Last week E., my three year old grandson, and I went for a splash in an outdoor swimming pool. He brought a nerf water toy which consists of a plunger inside a barrel. When he pulls out the plunger, the barrel fills with water. Pushing on the plunger expels a long stream of water which is great fun. Earlier in the summer his parents taught him not to shoot water at other swimmers so when I reminded him of the rule, he understood and followed my direction. E. shot water over the edge of the pool along the surface of the deck, straight up into the air, against my arm and hand, and across the length of the pool. He also requested I shoot the water at his tummy which was tricky given the pool depth is 4.5 feet and I need to support him while we are in the water. When I told him I wasn't sure I could do this, he reminded me to "keep trying." Somehow I managed to keep him afloat and tickle his tummy with enough water to make him giggle.
I like to chat with him and also wanted to keep him awake for his supper so I suggested we look for flags on our way to his home. In between our "I Spy" flag game, we talked about flag sizes, colors and shapes. When I called his attention to stars in the corner of an American flag, he replied, "oh yes, stars, sun, moon, helicopters all in the sky." He was delighted every time he spotted a flag.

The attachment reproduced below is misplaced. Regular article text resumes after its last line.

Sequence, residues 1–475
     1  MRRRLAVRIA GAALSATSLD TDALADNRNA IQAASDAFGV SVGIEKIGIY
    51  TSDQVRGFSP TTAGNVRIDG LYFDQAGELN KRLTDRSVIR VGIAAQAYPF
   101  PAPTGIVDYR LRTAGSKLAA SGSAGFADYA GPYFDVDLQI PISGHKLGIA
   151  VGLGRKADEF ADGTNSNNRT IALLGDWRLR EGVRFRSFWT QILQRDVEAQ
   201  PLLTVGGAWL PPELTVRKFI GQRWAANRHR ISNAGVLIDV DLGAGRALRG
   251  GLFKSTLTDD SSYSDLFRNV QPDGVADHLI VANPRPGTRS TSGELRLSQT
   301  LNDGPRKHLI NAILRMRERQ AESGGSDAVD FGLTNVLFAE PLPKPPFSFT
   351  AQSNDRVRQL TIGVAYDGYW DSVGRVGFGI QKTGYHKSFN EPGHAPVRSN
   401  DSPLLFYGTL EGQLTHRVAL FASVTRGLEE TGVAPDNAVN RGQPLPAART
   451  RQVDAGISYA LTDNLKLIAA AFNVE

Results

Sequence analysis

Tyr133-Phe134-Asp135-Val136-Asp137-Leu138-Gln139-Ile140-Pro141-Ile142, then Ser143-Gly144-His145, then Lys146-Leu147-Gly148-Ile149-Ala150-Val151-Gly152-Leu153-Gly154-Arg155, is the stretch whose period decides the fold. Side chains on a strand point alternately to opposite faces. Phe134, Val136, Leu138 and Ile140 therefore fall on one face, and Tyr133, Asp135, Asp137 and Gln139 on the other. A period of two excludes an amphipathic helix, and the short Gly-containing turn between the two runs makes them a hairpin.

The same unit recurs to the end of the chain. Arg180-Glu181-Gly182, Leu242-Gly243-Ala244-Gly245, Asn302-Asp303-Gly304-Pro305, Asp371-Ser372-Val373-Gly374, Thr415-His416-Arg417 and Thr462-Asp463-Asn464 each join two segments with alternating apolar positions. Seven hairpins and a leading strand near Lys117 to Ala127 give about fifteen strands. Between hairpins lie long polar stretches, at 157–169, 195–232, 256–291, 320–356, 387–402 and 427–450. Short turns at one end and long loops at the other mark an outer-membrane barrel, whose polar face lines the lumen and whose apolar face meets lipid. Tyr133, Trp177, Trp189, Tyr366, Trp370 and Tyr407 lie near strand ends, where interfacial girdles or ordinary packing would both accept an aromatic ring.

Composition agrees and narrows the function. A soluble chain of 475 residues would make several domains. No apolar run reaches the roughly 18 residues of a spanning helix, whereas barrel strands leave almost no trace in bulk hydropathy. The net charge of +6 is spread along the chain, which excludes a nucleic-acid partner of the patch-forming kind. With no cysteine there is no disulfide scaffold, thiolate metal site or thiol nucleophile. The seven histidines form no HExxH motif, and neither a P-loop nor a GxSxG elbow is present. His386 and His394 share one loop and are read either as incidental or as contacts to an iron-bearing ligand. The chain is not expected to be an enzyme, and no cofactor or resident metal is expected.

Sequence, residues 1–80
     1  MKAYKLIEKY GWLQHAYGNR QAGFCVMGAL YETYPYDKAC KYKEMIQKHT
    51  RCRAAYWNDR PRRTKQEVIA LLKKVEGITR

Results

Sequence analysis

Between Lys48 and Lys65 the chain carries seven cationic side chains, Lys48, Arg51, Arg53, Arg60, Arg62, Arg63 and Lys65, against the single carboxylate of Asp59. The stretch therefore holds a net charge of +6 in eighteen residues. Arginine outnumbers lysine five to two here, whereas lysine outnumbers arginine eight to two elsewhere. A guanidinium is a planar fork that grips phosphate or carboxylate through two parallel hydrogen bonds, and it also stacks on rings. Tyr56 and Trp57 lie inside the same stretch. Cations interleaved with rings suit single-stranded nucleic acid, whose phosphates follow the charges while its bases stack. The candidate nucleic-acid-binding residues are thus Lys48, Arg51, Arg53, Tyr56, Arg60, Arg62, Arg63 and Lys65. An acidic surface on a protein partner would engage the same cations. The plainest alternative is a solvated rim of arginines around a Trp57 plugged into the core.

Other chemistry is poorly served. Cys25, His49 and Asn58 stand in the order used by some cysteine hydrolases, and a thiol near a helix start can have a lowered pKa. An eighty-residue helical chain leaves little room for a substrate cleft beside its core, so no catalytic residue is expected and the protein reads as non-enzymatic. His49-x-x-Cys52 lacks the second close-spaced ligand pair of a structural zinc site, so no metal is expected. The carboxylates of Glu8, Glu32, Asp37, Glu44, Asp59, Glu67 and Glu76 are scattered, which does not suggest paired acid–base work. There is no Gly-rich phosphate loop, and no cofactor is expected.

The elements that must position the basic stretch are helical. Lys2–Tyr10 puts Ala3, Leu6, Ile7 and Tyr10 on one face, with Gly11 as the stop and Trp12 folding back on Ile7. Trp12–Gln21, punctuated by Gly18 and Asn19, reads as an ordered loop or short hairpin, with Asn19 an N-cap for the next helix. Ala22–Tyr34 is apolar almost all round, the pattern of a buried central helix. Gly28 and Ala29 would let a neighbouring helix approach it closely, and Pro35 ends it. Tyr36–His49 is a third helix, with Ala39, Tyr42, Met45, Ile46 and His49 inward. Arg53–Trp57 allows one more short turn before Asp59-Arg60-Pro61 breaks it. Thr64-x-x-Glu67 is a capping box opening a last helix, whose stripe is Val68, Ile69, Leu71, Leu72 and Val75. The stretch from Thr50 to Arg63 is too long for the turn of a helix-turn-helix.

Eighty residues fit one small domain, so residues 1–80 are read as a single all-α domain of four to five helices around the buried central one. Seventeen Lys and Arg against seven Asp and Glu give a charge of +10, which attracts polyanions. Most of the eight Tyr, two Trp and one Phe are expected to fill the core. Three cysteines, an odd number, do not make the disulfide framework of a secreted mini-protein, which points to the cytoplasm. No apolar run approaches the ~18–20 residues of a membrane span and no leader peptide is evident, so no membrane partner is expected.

The drive takes 20 minutes so I didn't have long to keep him entertained. Neither his parents nor my husband and I have video players in our cars. While I might have resorted to DVD player on a few 500 mile vacation days, my children remember trips when we played twenty questions, kept a record of out-of-state license plates, and made goofy figures with pipe cleaners. I packed crayons, paper, stickers, and books. We also consumed lots of animal crackers, grapes, and raisins. Mostly, we had a good time.
Playing with my grandsons reminds me the world is full of wonder. Everyday events are opportunities for play and learning that don't require electronic gadgets or organized activity. As we drove through residential neighborhoods where flags were not as large or as visible as in commercial areas, E. didn't complain or fuss. Instead he reminded me, "You need to keep looking. I need to keep looking." And so we will.